Friday, July 02, 2010

In Defense of Weeds

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I never trust a garden that's too tidy. Places like that worry me.

Part of this distrust comes from being an unrepentant slob, and having an ingrained suspicion of excessive neatness. (It's just not natural!)

And part of this is discomfort springs from my sense that overly-groomed gardens are wastelands, when it comes to wildlife.




If every flower is clipped off before it goes to seed, and every insect is eradicated, what will the songbirds have to eat? If every hollowed out tree is chopped down, where will the owls and woodpeckers raise their families?

I was walking down our driveway this afternoon, with a bucket of water from our greywater system (a fancy name for the spillover from the washing machine), when I spotted a pair of tiny Lesser Goldfinches in the strip of lawn that I call "The Meadow." (Nevermind that the neighbors probably call it the "Godforsaken Weed Patch.") This is a little strip of land that's decidedly difficult to mow, and which I left alone ever since I saw native bees enjoying the hawkweed flowers. It has been my plan to slowly add more wildflowers to this part of my lawn, with the hopes of providing food for the birds and the bugs. But until then, I'll be happy that the Goldfinches -- which in my mind are such a rural bird -- are enjoying the weed seeds.

So why not embrace a bit of messiness? Why not let the flowers go to seed? You might just be providing a much needed meal for a tiny wild creature.

8 comments:

Jess said...

Excellent points and great finch pics! Thanks for making me feel better about my failure to clear out my spent annuals this week! I'm really fine with a little entropy myself, but I secretly harbor some insecurities about what the neighbors will think, and this weekend I'm having company and was wishing I'd gotten around to the tidying. But now I'll just remind myself (and the guests) that I'm simply feeding my bird friends!

Barby said...

I should post pictures of my yard - or go to my blog, http://designersdetrius.blogspot.com/
and look at the recent photos of my blackberry bramble - you'll think your meadow is pristine! I agree with your thinking - as a beekeeper, so many of the important nectar sources are "weeds" - dandelions, Dutch clover, wild raspberries/blackberries. I leave off mowing as long as I can to let them get to the weed flowers in the lawn. It is funny comparing our yard to the neighbor's - they are older, with no kids, no trees, and lots of perfect grass that is mown(I kid you not) three times a week!
My other neighbors just shake their heads when I start using the dandelions to make wine, or dye, or roast the roots to add to coffee.
Remember Ella Wheeler Wilcox wrote, "A weed is but an unloved flower."
Love your blog, so glad Mel "introduced" us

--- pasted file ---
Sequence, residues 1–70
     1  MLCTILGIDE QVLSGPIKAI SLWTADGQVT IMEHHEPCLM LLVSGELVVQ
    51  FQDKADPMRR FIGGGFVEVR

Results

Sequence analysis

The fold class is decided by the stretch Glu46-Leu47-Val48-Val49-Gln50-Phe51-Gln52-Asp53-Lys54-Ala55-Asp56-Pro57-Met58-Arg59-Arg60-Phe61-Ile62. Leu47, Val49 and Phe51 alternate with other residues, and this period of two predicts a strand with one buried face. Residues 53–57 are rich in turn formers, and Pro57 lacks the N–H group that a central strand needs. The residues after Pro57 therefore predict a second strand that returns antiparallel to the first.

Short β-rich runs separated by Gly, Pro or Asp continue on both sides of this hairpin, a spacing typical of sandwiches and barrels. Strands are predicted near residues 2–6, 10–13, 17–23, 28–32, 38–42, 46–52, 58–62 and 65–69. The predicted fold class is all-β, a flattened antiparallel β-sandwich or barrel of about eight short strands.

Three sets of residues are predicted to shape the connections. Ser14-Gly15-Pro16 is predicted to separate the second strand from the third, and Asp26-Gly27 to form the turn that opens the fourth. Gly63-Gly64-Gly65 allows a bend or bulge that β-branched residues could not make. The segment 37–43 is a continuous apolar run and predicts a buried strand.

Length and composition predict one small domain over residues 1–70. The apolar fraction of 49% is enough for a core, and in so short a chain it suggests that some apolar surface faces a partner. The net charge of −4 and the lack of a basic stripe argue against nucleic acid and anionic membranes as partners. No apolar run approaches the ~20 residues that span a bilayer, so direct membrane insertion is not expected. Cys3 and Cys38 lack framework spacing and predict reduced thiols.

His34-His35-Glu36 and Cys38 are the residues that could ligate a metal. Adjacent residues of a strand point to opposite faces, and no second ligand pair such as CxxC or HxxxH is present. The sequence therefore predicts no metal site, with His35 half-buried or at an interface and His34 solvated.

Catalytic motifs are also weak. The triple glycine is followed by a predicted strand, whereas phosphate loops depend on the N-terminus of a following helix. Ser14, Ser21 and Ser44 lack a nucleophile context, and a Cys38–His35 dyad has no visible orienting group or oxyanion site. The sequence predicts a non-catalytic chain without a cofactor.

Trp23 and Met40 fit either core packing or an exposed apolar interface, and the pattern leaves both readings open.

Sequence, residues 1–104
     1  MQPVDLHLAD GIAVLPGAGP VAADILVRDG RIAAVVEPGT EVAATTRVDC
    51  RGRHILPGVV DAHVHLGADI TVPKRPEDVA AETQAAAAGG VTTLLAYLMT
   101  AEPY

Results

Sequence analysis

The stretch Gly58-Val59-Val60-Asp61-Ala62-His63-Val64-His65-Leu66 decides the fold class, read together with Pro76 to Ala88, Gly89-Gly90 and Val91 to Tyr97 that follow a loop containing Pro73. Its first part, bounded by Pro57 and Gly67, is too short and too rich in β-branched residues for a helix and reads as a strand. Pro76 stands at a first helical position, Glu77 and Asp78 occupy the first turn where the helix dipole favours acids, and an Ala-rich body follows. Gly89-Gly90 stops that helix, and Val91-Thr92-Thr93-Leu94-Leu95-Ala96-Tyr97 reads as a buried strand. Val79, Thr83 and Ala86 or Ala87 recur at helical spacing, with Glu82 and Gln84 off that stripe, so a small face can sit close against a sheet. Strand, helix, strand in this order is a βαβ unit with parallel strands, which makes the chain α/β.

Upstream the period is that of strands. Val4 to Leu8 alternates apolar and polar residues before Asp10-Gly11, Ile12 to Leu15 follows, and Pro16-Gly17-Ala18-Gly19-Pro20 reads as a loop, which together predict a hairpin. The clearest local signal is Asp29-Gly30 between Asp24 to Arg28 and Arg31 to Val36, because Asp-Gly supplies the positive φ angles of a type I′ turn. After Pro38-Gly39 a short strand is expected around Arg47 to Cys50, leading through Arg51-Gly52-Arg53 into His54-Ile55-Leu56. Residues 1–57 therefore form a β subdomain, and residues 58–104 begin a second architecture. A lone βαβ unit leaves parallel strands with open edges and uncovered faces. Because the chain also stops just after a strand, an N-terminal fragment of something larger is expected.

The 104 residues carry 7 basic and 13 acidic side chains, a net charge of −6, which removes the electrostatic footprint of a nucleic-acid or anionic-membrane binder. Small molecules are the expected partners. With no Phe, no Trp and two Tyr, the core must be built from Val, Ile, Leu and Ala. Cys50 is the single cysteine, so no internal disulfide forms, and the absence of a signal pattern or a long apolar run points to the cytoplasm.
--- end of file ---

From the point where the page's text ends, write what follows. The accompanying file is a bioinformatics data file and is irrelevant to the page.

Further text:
Curbstone Valley Farm said...

I agree with you. I love 'weeds', especially as so many of ours have turned out to be natives (although many more are not). This year for us we let just about everything go, in part because we're so busy, but also because, without our weeds, our poor Mason bees would probably starved this year. I don't want my property to look like a golf course anyway, I'd rather have the extra birds and pollinating insects. Nice photos!

Kristen said...

My reasons for pulling weeds and killing bugs are many and numerous--and while the primary is my excessive tidiness, there are functional reasons as well. Bugs keep giving my food plants diseases, and gastropods keep eating them whole. The main weed in my garden is a very aggressive vine that strangles and topples other plants. To top it all off, the only birds we really get in our garden are wood pigeons, who are far more interested in tomatoes than bugs, seeds, or weeds. In short, I keep the weeds and bugs down to keep the other pests Out, and I've already found that they don't nibble or flit from plant to plant, they infest, they feast, and they kill.

Christine said...

Yes, please keep your spent flowers around for the birds! I can't help bring up, though that keeping weedy things around to go to seed will make it more difficult for natives and other more desirable plants to grow, too. Too much competition! You've got so many other things to worry about, though and I'm a total hypocrite since my little strip of neglected lawn is the entire backyard! Hopefully the finches are happy with that.

Debbie said...

Thanks for relieving me of the guilt I've been feeling for not going out and weeding my back yard. I can now let my dear hubby feel less guilty too, by saying we are providing food for the birds.

JGH said...

I think you'd be very comfortable in my yard! We've had very little rain in southern New York lately and today I noticed that all the weeds in my yard are still green and healthy. The grass is brown and nasty looking. I think I'd rather have green weeds!

Kellyann Brown said...

I read a quote somewhere, I'm not sure exactly of it, but it went something like: "God made all plants, only humans call some weeds."

I am beginning to look at "weeds" in a new light as I am paying for "greens" (dandilion) that grow free in our backyard!

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